Several methods for making FETs with air gaps include U.S. Pat. No. 5,869,374 to Wu, U.S. Pat. No. 5,869,479 to Gardner et al., and U.S. Pat. No. 5,736,446 to Wu.
However, there is still a strong need in the semiconductor industry to further improve the electrical characteristics as the FET channel length continues to decrease below 0.25 um, and still maintaining a cost-effective manufacturing process.
A principal object of this invention is to provide a new and improved MOSFET having deep sub-micrometer channel lengths and graded lightly doped drain profiles to reduce unwanted hot carrier effects (damage).
Another object of this invention is to provide an FET structure having an air spacer that reduces the Miller capacitance between the gate electrodes and drain areas of the FET.
Still another object of this invention is to provide a reduced channel length that exceeds the present lithography resolution without reducing the gate silicide area thereby maintaining a low sheet resistance on the gate electrodes.
Yet another objective of this invention is to provide an FET with a delta-doped channel profile that minimizes punchthrough and reduces junction capacitance.
In accordance with the above objects of this first embodiment, a method for fabricating improved deep sub-micrometer FETs having air spacers (also referred to in the industry as air gaps) is now described briefly. These improved MOSFET devices utilize a disposable sidewall spacer in a recess or opening in an insulating layer to achieve all of the above objectives.
The method for forming these MOSFETs begins by providing a single-crystal semiconductor substrate having device areas that are typically surrounded and electrically isolated by field oxide areas. The method described here is for an N-channel FET on a P doped substrate (for example, doped with boron) having gate electrodes and source/drain areas formed using an N type dopant such as arsenic (As) or phosphorus (P). However, it should be understood that by reversing the polarity of the dopants, P-channel FETs can also be formed with these improved short channel effect characteristics. A first insulating layer, composed of silicon nitride, is deposited and then a second insulating layer, composed of silicon oxide, is deposited on the first insulating layer. The first and second insulating layers are patterned to form openings for FET gate electrodes over and to the device areas on the substrate. A conformal third insulating layer, composed of silicon nitride, is deposited and is anisotropically etched back to form arc-shaped first sidewall spacers on the sidewalls in the openings. For the N-channel MOSFETs, a P type dopant, such as boron (B), is implanted in the exposed substrate in the openings to form anti-punchthrough doped regions. A thin gate oxide is formed, for example by thermal oxidation, on the device areas in the openings. An undoped polysilicon layer is deposited to fill the openings and is polished back to form polysilicon gate electrodes in the openings aligned over the gate oxide. The SiO2 second insulating layer is completely removed by selectively etching in a hydrofluoric (HF) acid solution or by vapor etching. Next, the Si3 N4 first insulating layer and the Si3 N4 arc-shaped first sidewall spacers are selectively etched in a hot phosphoric acid etch. This etching leaves free-standing polysilicon gate electrodes having a shape determined by the Si3 N4 arc-shaped sidewall spacers. The polysilicon gate electrodes having these arc-shaped sidewalls gradually increase in width as a function of increasing height above the gate oxide. The gate electrodes are aligned over the gate oxide. And the width of the gate electrodes at the bottom is narrower than the resolution limits of the photoresist mask used to etch the openings, and therefore the next generation of MOSFETs (<0.25 um) can be achieved using the present lithographic tools and techniques having a resolution of 0.25 um. Next, the lightly doped source/drain areas are implanted adjacent to the gate electrodes and concurrently dopes the gate electrodes. Because of the arc-shape of the gate electrodes, the lightly doped source/drain areas are also implanted through the edge of the gate electrodes to form graded, lightly doped source/drain areas adjacent to the gate oxide. A fourth insulating layer, preferably SiO2, is deposited and anisotropically etched back to form second sidewall spacers and air spacers adjacent to the gate electrodes. The air spacer between the gate electrode and the second sidewall spacer has a dielectric constant k of about 1.0, compared to SiO2 which has a k of about 4.5. Therefore, the Miller capacitance (Cgd) is significantly reduced. Heavily N+ doped source/drain contact areas are formed adjacent to the second sidewall spacers, for example, by implanting arsenic or phosphorus ions and concurrently the implant is used to further dope the gate electrodes. The N-channel MOSFETs are now completed using a salicide process, which involves depositing and annealing a titanium metal layer to form a metal silicide on the polysilicon gate electrodes and on the source/drain contact areas. The unreacted metal on the oxide surfaces is then selectively removed. By reversing the polarity of the dopants, P-channel MOSFETs can be made in like fashion.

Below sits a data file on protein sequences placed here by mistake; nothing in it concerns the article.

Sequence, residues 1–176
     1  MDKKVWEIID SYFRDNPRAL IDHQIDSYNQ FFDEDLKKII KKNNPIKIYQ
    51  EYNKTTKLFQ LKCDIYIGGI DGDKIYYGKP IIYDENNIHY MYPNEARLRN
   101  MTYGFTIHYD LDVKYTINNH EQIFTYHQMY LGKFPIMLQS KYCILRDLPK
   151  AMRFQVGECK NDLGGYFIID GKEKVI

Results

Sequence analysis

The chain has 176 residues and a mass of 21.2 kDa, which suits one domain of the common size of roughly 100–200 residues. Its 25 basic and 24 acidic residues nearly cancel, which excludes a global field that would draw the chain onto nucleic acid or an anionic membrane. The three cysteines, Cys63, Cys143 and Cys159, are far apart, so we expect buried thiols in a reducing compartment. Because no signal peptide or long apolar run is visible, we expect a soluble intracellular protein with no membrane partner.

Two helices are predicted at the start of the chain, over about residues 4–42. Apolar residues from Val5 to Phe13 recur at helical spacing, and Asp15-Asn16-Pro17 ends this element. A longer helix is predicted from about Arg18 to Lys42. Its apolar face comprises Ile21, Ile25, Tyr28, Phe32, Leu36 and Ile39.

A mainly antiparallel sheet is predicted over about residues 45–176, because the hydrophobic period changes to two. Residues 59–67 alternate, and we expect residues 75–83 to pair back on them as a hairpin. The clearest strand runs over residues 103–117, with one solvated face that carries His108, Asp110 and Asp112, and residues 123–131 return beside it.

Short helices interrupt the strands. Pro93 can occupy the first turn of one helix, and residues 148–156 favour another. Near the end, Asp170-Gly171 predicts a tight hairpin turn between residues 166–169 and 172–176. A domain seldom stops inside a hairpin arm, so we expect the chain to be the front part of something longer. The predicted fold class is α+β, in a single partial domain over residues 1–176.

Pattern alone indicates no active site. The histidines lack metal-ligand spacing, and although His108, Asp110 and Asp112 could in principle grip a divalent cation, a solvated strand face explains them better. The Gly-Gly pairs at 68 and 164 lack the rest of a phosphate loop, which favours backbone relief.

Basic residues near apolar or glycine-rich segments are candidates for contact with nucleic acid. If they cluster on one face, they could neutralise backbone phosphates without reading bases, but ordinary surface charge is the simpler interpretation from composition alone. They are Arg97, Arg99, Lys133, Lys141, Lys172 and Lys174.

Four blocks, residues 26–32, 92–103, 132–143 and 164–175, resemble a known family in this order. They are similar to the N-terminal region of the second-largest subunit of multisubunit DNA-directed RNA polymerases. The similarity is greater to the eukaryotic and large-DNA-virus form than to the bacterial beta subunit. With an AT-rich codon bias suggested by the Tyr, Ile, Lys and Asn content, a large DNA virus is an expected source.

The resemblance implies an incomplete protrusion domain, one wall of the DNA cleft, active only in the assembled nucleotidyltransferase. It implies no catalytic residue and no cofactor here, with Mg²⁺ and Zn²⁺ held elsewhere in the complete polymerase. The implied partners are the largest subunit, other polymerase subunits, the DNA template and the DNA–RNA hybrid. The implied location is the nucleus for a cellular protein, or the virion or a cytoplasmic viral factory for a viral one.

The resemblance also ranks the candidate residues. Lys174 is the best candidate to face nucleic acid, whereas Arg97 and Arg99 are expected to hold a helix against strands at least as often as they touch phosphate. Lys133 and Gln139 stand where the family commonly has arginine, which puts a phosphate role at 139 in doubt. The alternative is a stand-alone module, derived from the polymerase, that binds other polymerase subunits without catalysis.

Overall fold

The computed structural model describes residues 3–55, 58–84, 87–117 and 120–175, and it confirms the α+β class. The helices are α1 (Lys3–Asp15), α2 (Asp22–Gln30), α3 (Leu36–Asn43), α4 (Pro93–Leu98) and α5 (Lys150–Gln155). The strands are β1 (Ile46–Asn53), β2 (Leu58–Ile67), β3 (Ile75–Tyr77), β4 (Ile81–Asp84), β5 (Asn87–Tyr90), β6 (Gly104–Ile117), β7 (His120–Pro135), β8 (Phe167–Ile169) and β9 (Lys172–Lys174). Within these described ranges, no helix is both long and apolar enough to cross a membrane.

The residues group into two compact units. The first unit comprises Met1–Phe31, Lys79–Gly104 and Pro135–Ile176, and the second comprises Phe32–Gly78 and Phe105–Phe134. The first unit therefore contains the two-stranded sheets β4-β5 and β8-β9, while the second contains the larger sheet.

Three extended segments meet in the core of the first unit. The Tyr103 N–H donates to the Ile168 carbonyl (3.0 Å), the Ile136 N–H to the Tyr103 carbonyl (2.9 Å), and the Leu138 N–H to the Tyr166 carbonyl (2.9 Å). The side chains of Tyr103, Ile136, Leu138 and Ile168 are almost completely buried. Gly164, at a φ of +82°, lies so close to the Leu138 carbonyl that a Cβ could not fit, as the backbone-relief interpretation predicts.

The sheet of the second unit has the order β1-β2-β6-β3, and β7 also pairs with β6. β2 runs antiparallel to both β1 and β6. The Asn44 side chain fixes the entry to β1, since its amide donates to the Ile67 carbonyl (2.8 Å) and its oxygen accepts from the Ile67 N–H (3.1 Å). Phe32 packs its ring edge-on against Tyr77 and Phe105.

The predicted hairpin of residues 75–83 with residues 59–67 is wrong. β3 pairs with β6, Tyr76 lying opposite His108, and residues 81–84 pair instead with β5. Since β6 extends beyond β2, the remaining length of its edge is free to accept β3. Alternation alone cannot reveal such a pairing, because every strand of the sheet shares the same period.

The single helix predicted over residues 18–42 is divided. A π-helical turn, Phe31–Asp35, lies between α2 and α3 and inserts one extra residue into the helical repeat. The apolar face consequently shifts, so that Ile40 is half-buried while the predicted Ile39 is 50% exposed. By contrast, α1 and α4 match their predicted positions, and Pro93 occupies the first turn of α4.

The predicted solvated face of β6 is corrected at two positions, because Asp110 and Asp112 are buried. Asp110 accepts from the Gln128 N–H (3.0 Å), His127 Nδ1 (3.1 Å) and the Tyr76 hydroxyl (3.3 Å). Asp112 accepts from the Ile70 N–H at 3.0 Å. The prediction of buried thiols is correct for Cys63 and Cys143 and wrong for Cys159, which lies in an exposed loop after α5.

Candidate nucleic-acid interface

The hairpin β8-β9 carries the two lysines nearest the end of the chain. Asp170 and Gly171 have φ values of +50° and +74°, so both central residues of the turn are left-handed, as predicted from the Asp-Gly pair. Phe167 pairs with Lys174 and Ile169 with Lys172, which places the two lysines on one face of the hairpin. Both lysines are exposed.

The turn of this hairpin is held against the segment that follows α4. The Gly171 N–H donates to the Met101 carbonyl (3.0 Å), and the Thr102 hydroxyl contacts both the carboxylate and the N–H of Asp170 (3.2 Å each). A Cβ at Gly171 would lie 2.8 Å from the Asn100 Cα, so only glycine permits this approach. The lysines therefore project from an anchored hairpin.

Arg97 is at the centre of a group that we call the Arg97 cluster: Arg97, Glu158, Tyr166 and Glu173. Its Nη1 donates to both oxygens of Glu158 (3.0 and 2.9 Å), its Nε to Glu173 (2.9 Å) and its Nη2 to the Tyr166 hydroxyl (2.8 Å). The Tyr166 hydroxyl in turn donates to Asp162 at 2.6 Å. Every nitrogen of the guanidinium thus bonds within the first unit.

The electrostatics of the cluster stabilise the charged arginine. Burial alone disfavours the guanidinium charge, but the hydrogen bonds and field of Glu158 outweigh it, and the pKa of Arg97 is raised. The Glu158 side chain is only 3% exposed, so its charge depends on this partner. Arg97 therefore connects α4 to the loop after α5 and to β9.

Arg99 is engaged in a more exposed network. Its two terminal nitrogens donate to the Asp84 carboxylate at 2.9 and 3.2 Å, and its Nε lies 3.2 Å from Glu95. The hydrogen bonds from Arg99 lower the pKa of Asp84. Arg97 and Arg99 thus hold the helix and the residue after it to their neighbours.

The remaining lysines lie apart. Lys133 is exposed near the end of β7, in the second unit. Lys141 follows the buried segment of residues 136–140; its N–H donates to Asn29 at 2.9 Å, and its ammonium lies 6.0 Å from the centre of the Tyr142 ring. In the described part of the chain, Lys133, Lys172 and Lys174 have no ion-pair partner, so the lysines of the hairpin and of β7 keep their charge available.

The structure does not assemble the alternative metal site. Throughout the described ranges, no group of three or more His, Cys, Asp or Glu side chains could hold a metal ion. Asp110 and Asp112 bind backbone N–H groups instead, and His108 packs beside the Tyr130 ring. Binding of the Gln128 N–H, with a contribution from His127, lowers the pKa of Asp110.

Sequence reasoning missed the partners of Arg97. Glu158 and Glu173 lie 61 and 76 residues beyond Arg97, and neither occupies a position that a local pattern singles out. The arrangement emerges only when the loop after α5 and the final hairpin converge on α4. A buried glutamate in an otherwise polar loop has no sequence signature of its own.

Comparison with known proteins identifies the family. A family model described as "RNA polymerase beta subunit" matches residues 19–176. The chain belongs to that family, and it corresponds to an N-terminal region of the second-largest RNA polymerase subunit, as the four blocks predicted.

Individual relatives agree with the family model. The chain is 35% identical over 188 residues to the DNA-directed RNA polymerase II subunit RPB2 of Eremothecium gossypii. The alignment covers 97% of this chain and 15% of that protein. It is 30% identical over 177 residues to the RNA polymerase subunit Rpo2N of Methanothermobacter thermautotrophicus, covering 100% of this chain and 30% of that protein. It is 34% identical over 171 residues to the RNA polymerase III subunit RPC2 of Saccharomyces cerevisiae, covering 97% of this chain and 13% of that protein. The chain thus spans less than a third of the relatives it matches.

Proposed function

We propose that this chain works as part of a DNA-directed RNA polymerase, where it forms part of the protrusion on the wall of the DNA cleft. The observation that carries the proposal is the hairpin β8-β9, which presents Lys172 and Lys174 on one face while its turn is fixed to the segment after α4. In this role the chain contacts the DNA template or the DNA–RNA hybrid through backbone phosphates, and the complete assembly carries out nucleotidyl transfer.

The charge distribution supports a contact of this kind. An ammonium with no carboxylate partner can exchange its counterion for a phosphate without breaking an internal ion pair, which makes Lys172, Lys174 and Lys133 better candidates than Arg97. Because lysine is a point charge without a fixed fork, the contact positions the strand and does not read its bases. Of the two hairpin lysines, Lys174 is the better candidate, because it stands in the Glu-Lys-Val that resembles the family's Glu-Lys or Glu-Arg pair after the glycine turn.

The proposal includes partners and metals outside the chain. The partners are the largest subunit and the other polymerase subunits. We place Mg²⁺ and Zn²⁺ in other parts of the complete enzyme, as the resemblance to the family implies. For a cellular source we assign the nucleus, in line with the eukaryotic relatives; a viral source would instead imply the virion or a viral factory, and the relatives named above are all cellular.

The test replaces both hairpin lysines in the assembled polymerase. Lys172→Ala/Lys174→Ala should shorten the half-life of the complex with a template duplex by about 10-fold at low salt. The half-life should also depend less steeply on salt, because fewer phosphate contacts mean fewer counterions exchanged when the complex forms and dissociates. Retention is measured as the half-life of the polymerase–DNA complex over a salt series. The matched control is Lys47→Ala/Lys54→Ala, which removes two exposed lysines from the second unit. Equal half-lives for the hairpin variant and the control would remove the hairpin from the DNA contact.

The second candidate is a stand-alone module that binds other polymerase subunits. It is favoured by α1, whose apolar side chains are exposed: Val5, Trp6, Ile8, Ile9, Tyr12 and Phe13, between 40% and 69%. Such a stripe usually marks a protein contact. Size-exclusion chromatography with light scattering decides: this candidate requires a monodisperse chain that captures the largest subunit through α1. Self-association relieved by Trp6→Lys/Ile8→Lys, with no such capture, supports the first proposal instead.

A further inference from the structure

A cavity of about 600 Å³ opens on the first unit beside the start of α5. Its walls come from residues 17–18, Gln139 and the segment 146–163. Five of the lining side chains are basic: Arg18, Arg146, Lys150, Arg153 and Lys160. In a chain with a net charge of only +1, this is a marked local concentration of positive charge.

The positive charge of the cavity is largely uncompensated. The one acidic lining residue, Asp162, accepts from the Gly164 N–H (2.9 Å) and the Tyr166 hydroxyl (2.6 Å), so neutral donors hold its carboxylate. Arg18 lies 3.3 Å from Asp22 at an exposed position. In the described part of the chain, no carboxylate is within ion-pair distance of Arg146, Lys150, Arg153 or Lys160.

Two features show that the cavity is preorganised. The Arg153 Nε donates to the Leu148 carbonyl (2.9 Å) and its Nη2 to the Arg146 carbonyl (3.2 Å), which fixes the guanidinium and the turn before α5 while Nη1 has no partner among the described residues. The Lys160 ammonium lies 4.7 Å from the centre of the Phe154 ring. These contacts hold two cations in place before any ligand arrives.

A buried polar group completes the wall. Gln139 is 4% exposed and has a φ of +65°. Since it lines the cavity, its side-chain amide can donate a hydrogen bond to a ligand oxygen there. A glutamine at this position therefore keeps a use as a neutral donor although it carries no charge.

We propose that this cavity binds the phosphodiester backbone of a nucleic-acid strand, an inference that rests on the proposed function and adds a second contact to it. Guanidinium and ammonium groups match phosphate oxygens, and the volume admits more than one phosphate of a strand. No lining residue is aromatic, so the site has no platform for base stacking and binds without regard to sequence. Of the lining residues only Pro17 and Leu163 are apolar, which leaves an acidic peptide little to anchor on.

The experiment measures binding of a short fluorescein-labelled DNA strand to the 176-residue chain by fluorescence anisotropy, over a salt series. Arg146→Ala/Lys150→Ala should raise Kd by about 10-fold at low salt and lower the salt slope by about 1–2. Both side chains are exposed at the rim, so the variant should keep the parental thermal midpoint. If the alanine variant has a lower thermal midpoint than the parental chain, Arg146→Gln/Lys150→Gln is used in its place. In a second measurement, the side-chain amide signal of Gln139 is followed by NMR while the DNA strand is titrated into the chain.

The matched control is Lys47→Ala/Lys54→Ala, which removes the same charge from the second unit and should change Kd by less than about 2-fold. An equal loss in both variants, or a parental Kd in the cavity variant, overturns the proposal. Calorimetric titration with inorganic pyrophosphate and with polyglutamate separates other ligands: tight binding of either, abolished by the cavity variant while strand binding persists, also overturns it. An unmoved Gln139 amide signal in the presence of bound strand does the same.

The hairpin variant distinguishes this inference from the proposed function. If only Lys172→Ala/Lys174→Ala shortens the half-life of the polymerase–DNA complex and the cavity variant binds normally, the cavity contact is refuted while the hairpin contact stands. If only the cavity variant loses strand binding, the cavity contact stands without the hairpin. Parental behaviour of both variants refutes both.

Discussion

The object and other advantages of the invention will become more apparent in the preferred embodiment when read in conjunction with the following drawings.